James C. Scott— Historical humankind has been mesmerized by the narrative of progress and civilization as codified by the first great agrarian kingdoms. As new and powerful societies, they were determined to distinguish themselves as sharply as possible from the populations from which they sprang and that still beckoned and
Early civilizations came about with the domestication of fire, plants, animals, and humans. James C. Scott gives us the history of these early states and the problems they faced.
Richard Holloway— As with many useful words, symbol comes from Greek. It means to bring together things that had come apart, the way you might glue the bits of a broken plate together. Then a symbol became an object that stood for or represented something else. It still had the idea of
James C. Scott— I am neither an advocate nor a practitioner of the Paleo diet. I love bread, pasta, butter, and yogurt far too much to forsake them altogether. On the other hand, I have made an effort to understand the dietary consequences of “civilization,” of the food ways typical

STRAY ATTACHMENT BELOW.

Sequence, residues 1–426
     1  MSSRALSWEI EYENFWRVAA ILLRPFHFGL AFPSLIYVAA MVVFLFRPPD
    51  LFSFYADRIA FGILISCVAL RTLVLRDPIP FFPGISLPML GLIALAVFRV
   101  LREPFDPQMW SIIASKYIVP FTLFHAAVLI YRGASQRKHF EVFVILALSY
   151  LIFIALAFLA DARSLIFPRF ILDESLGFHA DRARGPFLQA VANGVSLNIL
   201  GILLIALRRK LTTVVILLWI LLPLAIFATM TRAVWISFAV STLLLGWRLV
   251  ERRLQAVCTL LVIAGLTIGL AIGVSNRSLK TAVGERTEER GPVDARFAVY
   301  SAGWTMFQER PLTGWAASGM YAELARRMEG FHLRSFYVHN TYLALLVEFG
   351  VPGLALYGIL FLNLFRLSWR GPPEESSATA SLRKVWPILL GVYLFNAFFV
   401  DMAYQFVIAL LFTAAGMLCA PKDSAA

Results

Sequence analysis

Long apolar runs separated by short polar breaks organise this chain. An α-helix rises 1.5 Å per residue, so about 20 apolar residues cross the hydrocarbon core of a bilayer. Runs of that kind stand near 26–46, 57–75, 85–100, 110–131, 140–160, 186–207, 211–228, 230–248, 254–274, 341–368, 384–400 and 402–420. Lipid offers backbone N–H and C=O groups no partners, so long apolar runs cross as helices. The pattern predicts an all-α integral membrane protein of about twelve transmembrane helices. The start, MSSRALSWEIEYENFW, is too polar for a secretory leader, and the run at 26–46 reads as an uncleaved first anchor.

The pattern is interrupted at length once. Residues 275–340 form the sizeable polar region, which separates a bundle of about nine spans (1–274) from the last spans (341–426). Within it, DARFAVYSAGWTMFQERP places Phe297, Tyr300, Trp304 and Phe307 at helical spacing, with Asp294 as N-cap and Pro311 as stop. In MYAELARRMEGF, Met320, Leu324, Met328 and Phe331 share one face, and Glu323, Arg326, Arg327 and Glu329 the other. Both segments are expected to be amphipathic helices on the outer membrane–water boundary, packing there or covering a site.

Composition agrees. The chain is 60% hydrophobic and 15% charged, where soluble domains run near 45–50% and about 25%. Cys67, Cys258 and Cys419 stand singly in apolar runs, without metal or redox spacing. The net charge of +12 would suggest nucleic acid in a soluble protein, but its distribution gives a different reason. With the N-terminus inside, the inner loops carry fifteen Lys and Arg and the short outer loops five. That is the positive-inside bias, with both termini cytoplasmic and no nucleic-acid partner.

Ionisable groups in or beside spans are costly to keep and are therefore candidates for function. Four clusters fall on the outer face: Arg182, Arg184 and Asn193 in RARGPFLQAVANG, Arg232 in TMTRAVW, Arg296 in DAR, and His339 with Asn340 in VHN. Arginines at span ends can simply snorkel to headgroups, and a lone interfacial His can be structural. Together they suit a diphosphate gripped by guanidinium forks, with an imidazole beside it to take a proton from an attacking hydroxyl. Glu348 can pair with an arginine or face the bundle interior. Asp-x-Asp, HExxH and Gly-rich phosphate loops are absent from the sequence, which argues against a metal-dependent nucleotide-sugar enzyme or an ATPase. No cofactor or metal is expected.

Paul A. Rahe— It has always been hard for outsiders to get their minds around classical Lacedaemon, or Sparta as it is more commonly called today. Even in antiquity—as a glance at Xenophon’s Regime of the Lacedaemonians, at Plato’s Republic and Laws, and at Aristotle’s Politics will make clear—the Spartans
As the days grow warmer and the nights grow longer, some are on vacation and many more are wishing they were. The best trips provide opportunities to see new sights, learn about another culture, and return home enriched by the experience. All too often, though, travelers witness the attractions that
Were the ancient Olympic Games anything like the competitions we know today? Neil Faulkner’s A Visitor’s Guide to the Ancient Olympics transports us to the games of 388 B.C., providing a lively guided tour of the ancient Greek Olympics and bringing to life the sights and sounds (and smells) of the competition—which were